Cavaliers 2017 Finals Loss 13 5 9.9 2 121.6 1 58.10% 2 13.50% 6 26.30% 9 24.9 2
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Warriors 2015 Title 16 5 8.2 1 108.3 3 52.40% 1 15.20% 15 27.30% 7 18.6 13
Warriors 2016 Finals Loss 15 9 4.8 4 111.5 4 53.40% 3 14.30% 8 26.50% 7 20 10
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Spurs 2014 Title 16 7 10.2 1 114.7 1 55.10% 2 13.50% 4 25.40% 12 22 12
Spurs 2015 1st Round Exit 3 4 0.2 6 108.1 4 50.50% 4 12.60% 3 26.90% 8 20.3 10
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Heat 2013 Title 16 7 7.9 1 110.2 1 51.90% 2 14.50% 6 27.50% 9 23.4 8
Heat 2014 Finals Loss 13 7 2.7 2 113.1 4 55.70% 1 14.10% 5 20.70% 16 23.8 8
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Heat 2012 Title 16 7 7.8 1 109.3 3 50.50% 3 14.80% 7 28.50% 8 27.1 3
Heat 2013 Title 16 7 7.9 1 110.2 1 51.90% 2 14.50% 6 27.50% 9 23.4 8
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Mavericks 2011 Title 16 5 7.9 1 112.9 1 52.20% 1 14.60% 7 28.20% 10 27.6 6
Mavericks 2012 1st Round Exit 0 4 -8.7 13 102 8 45.20% 11 15.80% 9 27.80% 9 29.4 2

Title Teams Follow-Up Defensive Performance

Team Result Opp. Pts/Poss Pts/Poss Rank Opp. eFG% eFG% Rank Opp. TOV% TOV% Rank Opp. ORB% ORB% Rank Opp. FT Rate FT Rate Rank
Team Result Opp. Pts/Poss Pts/Poss Rank Opp. eFG% eFG% Rank Opp. TOV% TOV% Rank Opp. ORB% ORB% Rank Opp. FT Rate FT Rate Rank
Milwaukee 2021 Title 108.8 3 52.90% 8 13.20% 6 21.30% 3 16.2 3
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Lakers 2020 Title 108.6 4 52.50% 4 15.00% 4 21.90% 5 25.7 15
Lakers 2021 1st Round Exit 110.3 6 53.80% 9 14.80% 3 21.90% 4 20.1 10
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Raptors 2019 Title 105.4 5 49.80% 4 16.10% 2 27.00% 9 23.4 10
Raptors 2020 2nd Round Exit 106.2 1 51.50% 3 15.30% 3 22.60% 8 20.2 4
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Warriors 2018 Title 103.5 1 48.20% 1 13.90% 9 25.60% 11 18.9 3
Warriors 2019 Finals Loss 112.2 10 53.00% 12 15.00% 5 27.10% 10 24.9 14
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Warriors 2017 Title 105.3 2 48.50% 1 14.20% 6 26.40% 9 20.9 4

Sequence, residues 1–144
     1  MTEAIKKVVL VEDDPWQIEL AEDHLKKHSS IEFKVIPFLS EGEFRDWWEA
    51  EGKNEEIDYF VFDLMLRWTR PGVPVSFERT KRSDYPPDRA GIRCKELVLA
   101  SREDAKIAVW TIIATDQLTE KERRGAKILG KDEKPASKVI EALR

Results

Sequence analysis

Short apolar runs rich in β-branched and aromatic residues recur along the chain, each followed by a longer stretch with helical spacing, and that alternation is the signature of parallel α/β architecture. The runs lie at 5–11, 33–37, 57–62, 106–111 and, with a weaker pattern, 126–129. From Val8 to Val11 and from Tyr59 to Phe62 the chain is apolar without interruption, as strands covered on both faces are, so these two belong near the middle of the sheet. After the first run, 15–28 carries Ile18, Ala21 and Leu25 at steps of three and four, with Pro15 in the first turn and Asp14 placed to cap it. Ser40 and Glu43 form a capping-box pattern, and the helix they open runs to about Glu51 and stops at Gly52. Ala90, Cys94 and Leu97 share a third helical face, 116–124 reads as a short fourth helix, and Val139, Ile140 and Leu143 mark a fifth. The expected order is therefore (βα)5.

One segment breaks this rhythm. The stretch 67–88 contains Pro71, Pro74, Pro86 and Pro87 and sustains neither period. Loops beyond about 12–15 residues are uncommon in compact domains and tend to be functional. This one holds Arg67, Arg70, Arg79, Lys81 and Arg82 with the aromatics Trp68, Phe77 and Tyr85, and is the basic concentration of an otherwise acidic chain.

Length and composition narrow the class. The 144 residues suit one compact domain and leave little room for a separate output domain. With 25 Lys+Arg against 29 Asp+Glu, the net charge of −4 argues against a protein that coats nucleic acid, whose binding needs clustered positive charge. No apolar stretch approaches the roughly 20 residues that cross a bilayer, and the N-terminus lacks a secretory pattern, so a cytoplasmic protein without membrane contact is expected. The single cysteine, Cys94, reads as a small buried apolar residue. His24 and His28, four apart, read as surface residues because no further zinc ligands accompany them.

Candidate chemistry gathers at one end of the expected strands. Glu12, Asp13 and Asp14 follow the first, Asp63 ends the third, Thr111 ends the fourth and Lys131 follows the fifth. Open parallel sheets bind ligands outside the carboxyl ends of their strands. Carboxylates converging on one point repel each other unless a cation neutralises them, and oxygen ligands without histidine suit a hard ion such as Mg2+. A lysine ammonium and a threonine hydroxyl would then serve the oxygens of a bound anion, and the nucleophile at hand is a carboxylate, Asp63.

Warriors 2018 Title 103.5 1 48.20% 1 13.90% 9 25.60% 11 18.9 3
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Cavaliers 2016 Title 107.1 8 51.70% 10 14.40% 8 24.30% 2 18.4 3
Cavaliers 2017 Finals Loss 111.7 7 52.10% 7 13.90% 8 28.30% 12 19 3
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Warriors 2015 Title 100.1 1 46.00% 2 15.00% 3 28.50% 12 22.8 10
Warriors 2016 Finals Loss 106.7 6 48.60% 6 15.30% 3 31.70% 14 22.6 11
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Spurs 2014 Title 104.5 4 49.50% 7 15.50% 5 26.50% 7 20.4 1
Spurs 2015 1st Round Exit 108 9 51.30% 12 13.40% 13 25.40% 2 23.6 11
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Heat 2013 Title 102.4 4 48.00% 6 18.30% 4 31.50% 13 24 9
Heat 2014 Finals Loss 110.3 9 54.20% 14 16.10% 4 26.90% 9 21.8 5
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Heat 2012 Title 101.5 6 47.00% 6 16.30% 4 29.60% 12 23.2 9
Heat 2013 Title 102.4 4 48.00% 6 18.30% 4 31.50% 13 24 9
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Mavericks 2011 Title 105 5 48.70% 11 15.50% 6 30.00% 7 24.5 6
Mavericks 2012 1st Round Exit 110.7 15 53.40% 16 13.50% 12 20.00% 1 27.4 15

In the last decade, it’s relatively unprecedented for a championship team like Milwaukee to rank so mediocre offensively in comparison to its Playoff compatriots. Scoring was up universally last year, so their points/possession mark on Cleaning The Glass still rates out as the 5th best among the past 10 title teams, but offensive stagnation was the cause of significant consternation throughout the Playoffs.

There’s not always perfect continuity between teams from season-to-season, so you can see some instances of fall-off for obvious reasons. The 2021 Lakers were injured, 2020 Raptors lost Kawhi, etc. The one I keep coming back to is the 2012 Mavs. There are obvious parallels with the international superstars and sweetness of a homegrown victory, but that Dallas team also opted not to entirely “run it back.” The key player in that cog was a 28-year old-Tyson Chandler, who went to the Knicks, but they also didn’t retain J.J. Barea (the T-wolves paid up) or DeShawn Stevenson. Also, the 2012 Dallas team featured Yi Jianlian appearing in 30 games so...clearly they had deeper problems than this Bucks team plans to face.